Federal and state constitutional clouds may linger over one of the main inducements offered to consumers and producers of alternative energy: state tax credits.
Many tax credits are aimed at luring new companies or industries to a state. One question is whether it is constitutional to treat out-of-state taxpayers differently than in-state taxpayers.
The issue came up before the U.S. Supreme Court in DaimlerChrysler Corp. v. Cuno, but the high court never addressed the case on the merits. Instead, the U.S. Supreme Court reversed the U.S. Sixth Circuit Court of Appeal’s ruling after concluding that the group of taxpayers who filed the lawsuit lacked standing to challenge the tax incentive. The Sixth Circuit had ruled that Ohio's investment tax credit violated the U.S. Commerce Clause.
Another question is whether a state tax credit is in harmony with existing state tax law. The validity of a property tax exemption for green energy equipment recently came into question in Tennessee. Taxpayers in the state may no longer be allowed to claim a property tax exemption for certain machinery and equipment used to produce electricity for green energy production facilities based on the issuance of a recent state’s attorney general opinion.
The Tennessee Attorney General concluded that the valuation method for machinery and equipment used to produce electricity in a certified green energy production facility is unconstitutional because there is no credible rationale to support the valuation cap, notes a Bloomberg BNA Green Incentives Monitorarticle.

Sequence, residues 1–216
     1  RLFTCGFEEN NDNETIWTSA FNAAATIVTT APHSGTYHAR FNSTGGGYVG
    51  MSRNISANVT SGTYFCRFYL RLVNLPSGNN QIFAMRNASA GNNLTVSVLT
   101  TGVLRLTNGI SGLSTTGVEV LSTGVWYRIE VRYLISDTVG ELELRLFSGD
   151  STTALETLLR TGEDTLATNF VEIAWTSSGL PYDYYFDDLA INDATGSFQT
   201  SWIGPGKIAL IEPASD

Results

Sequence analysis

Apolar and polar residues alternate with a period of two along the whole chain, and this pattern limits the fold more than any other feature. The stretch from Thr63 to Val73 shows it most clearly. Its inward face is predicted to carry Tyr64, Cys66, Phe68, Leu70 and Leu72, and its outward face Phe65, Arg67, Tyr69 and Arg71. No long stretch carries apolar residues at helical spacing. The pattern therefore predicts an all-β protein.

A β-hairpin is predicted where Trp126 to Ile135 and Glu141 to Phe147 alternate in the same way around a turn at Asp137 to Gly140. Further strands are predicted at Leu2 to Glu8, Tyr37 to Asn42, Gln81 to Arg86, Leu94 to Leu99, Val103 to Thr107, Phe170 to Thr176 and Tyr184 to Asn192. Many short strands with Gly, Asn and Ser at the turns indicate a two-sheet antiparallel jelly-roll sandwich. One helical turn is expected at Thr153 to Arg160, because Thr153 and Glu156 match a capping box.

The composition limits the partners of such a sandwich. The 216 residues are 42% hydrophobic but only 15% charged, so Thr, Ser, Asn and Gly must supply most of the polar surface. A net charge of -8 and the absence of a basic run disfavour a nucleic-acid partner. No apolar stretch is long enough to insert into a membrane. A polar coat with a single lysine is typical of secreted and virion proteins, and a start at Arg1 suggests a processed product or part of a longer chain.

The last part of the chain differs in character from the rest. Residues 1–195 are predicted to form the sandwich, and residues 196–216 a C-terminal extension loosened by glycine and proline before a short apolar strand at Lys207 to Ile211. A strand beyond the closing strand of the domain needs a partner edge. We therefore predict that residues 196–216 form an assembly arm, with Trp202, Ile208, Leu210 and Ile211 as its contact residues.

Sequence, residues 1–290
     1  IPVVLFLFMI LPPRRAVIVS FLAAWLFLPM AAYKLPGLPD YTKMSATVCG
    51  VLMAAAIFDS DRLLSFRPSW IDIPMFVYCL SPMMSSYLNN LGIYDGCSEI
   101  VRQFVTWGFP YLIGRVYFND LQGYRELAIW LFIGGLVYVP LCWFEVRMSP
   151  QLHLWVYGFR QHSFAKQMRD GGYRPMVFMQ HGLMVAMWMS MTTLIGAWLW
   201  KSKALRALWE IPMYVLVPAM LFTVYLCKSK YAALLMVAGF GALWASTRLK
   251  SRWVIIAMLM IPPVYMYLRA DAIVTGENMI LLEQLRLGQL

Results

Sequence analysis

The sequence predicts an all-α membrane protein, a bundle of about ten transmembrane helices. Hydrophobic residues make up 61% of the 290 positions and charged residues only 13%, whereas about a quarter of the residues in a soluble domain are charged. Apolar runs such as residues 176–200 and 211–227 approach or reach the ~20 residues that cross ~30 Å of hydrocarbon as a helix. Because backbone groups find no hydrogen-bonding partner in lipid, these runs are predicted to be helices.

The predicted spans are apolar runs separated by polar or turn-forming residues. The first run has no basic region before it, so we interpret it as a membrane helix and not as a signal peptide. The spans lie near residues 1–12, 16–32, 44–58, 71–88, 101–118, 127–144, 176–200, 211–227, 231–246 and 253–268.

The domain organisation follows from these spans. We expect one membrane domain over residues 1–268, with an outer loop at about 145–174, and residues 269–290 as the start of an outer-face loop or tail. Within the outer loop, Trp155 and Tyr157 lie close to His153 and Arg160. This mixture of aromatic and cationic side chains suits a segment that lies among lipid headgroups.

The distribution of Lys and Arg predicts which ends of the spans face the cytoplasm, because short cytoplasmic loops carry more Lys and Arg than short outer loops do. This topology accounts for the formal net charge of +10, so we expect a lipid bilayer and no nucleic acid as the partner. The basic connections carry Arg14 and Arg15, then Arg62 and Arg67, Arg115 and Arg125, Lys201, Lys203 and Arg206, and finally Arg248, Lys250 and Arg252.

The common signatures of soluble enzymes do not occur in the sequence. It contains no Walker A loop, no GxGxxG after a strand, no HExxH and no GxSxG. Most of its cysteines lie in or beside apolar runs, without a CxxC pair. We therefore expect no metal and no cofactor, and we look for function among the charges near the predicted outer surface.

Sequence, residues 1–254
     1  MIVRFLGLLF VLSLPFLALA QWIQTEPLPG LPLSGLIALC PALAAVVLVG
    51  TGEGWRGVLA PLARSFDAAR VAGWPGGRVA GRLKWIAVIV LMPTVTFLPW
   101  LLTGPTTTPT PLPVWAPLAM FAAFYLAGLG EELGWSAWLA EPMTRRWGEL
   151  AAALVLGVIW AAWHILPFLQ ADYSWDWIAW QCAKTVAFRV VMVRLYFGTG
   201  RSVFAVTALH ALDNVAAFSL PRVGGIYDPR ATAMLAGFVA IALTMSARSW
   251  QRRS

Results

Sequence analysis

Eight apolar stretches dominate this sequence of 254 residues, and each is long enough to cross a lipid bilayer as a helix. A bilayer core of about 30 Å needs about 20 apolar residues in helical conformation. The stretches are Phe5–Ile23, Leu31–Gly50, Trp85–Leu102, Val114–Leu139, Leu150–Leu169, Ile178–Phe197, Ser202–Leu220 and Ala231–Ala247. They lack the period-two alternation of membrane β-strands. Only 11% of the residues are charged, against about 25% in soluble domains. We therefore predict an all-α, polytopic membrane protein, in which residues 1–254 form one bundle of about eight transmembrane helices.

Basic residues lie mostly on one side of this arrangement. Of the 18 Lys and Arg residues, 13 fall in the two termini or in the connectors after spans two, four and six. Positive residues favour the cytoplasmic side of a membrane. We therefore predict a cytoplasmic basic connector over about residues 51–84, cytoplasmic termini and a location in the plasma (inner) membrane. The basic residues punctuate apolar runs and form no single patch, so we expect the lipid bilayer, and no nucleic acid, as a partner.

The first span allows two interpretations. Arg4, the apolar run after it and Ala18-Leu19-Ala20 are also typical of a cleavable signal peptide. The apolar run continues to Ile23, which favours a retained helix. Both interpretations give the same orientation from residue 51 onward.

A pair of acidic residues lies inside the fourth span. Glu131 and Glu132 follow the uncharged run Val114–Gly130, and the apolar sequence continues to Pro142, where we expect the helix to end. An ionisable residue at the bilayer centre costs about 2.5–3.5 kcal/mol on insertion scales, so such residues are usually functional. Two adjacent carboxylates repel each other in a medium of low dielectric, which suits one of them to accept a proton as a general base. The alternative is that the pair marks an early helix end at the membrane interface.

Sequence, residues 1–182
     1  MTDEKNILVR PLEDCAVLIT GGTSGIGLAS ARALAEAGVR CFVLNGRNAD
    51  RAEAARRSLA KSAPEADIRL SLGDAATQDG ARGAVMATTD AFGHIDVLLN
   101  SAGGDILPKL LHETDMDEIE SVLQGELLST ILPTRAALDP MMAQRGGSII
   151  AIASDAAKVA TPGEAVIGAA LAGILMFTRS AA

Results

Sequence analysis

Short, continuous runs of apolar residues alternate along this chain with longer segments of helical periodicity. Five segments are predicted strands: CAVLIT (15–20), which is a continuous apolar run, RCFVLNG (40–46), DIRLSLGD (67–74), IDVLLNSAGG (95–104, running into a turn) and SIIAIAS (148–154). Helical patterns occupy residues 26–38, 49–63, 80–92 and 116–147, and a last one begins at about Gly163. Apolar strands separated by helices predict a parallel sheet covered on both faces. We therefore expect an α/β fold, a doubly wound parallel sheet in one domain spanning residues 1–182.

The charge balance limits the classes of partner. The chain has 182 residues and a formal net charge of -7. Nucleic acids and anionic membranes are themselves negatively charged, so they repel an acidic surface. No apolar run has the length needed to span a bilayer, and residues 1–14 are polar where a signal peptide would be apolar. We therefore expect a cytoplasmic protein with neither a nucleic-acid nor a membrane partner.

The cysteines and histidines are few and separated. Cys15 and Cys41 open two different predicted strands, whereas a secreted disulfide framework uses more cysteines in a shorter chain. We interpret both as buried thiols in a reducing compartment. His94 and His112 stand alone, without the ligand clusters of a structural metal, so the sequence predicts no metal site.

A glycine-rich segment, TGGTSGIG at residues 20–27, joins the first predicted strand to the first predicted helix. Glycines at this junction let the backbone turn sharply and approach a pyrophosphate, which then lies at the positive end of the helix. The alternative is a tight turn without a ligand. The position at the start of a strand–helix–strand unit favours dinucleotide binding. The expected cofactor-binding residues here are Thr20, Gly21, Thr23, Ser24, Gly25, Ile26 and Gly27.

Under Tennessee law, the value on certified green energy production facilities is deemed to be its salvage value, for property tax purposes, and is capped at 0.5% of the facilities’ acquisition value.
At least one Republican legislator in Tennessee is seeking to repeal the property tax exemption, according to an article from The Tennessean. However, solar companies plan on fighting the repeal because it will hurt the state’s renewable energy industry, the article reports.
Forty six states offer some type of solar energy incentive, according to Bloomberg BNA’s Green Incentives Navigator.
In other developments . . .
The Michigan Court of Appeals recently held that a taxpayer that produced video games for public distribution was an eligible production company for a film production tax credit, according to a Bloomberg BNA Weekly State Tax Reportarticle.
By: Kathleen Caggiano
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